Château d'Yquem is a Premier Cru Supérieur wine from the Sauternes, Gironde region in the southern part of the Bordeaux vineyards known as Graves. In the Bordeaux Wine Official Classification of 1855, Château d'Yquem was the only Sauternes given this rating, indicating its perceived superiority and higher prices over all other wines of its type. Yquem's success stems largely from the site's susceptibility to attack by "noble rot" (a particular kind of infestation by Botrytis cinerea).
Wines from Château d'Yquem are characterised by their complexity, concentration and sweetness. A relatively high acidity helps to balance the wine's sweetness. Another characteristic for which Château d'Yquem wines are known is their longevity. With proper care, a bottle will keep for a century or more. During this time, the fruity overtones will gradually fade and integrate with more complex secondary and tertiary flavours.
Ramon Felipe Eyquem had made a fortune as a herring and wine merchant and had bought the estate in 1477 from Guilhem Duboys, seigneur de Juillac. Pierre Eyquem, Seigneur of Montaigne, had been the mayor of Bordeaux. His son Michel Eyquem de Montaigne died in 1592. Château d'Yquem was acquired by Jacques de Sauvage in December 1593. De Sauvage acquired the property from the French monarchy by exchanging other lands that he owned for what was then referred to as the 'House of Yquem'. The site has been home to a vineyard since at least 1711 when the estate became fully owned by Léon de Sauvage d'Yquem. In 1785 it passed to the Lur-Saluces family when Françoise-Joséphine de Sauvage d'Yquem married Count Louis-Amédée de Lur-Saluces, a godson of Louis XV and Lady Victoire de France. Monsieur Lur-Saluces died three years later, and his wife subsequently focused her energy on sustaining and improving the estate.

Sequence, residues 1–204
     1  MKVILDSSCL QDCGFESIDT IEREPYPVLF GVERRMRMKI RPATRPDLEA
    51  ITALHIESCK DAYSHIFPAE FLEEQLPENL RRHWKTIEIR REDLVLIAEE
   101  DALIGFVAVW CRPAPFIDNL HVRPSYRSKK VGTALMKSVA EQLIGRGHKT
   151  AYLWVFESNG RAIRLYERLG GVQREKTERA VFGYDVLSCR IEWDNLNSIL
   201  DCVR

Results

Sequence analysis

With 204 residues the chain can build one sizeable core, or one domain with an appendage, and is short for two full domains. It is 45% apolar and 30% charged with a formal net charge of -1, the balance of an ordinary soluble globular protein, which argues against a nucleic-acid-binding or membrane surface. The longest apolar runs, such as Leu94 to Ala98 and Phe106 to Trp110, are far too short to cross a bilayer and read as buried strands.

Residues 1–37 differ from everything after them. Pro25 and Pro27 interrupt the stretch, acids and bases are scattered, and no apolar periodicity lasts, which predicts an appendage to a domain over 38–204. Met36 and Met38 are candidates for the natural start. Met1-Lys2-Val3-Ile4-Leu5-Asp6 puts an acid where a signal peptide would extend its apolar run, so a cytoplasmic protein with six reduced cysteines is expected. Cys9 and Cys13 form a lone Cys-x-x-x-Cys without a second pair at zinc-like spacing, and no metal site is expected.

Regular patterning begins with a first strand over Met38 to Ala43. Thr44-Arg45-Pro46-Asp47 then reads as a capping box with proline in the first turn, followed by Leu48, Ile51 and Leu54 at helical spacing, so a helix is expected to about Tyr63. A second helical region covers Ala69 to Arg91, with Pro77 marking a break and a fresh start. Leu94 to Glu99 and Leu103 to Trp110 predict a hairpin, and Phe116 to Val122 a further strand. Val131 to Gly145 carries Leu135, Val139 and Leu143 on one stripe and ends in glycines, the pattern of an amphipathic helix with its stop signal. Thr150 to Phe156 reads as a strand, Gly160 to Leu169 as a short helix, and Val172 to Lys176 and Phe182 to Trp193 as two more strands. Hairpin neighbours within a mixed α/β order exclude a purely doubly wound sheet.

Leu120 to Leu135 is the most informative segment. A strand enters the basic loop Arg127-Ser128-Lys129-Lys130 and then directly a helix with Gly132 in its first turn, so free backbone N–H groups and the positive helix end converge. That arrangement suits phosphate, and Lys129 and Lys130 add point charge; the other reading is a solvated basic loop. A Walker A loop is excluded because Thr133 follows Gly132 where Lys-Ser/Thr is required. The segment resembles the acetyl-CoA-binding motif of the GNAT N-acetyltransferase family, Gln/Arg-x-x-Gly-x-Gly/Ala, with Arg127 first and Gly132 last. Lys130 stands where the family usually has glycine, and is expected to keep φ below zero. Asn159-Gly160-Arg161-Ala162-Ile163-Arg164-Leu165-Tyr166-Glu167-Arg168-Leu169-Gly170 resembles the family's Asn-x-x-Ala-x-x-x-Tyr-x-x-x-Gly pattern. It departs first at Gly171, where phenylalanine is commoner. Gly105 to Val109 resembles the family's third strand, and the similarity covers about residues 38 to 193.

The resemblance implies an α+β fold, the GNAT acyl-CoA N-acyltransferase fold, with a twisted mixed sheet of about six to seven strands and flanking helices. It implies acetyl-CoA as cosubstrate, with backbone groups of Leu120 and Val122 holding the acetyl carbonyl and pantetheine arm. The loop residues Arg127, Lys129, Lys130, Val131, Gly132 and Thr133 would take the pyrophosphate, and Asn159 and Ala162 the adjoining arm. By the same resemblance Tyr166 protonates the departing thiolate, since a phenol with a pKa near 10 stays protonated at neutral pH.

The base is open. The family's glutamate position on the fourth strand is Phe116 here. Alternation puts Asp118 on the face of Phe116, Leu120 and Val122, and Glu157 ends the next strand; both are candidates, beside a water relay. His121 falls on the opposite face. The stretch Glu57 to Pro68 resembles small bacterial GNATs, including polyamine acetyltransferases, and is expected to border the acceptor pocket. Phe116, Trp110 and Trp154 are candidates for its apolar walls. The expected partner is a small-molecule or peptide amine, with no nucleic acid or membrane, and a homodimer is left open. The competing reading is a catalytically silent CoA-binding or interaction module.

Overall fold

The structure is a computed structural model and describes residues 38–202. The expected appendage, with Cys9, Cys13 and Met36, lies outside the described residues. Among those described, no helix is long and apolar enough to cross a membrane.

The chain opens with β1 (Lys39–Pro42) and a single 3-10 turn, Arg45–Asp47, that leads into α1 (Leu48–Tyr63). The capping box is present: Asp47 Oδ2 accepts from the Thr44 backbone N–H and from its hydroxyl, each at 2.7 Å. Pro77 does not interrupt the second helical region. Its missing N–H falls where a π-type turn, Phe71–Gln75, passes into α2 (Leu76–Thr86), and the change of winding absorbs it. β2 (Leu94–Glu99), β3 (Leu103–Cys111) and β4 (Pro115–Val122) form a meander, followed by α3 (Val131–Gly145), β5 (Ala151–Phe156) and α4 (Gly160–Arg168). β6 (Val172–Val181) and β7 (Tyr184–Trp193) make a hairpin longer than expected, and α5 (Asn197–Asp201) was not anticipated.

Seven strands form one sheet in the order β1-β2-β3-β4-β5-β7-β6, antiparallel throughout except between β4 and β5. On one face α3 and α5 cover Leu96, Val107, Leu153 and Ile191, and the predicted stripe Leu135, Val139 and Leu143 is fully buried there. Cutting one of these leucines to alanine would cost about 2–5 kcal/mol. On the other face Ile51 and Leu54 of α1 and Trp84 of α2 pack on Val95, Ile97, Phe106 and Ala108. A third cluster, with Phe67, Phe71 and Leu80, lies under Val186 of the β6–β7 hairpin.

While Minister Plenipotentiary to France, Thomas Jefferson visited the château and later wrote, "Sauterne. This is the best white wine of France and the best of it is made by Monsieur de Lur-Saluces." Jefferson ordered 250 bottles of the 1784 vintage for himself, and additional bottles for George Washington. However, at that time the technique of allowing noble rot to infect grapes had not yet been discovered, so the wine Jefferson was drinking was a different sweet wine.
The 1811 Château d'Yquem, a comet vintage, has exhibited what wine experts like Robert Parker have described as exceptional longevity with Parker scoring the wine a perfect 100 points when tasted in 1996.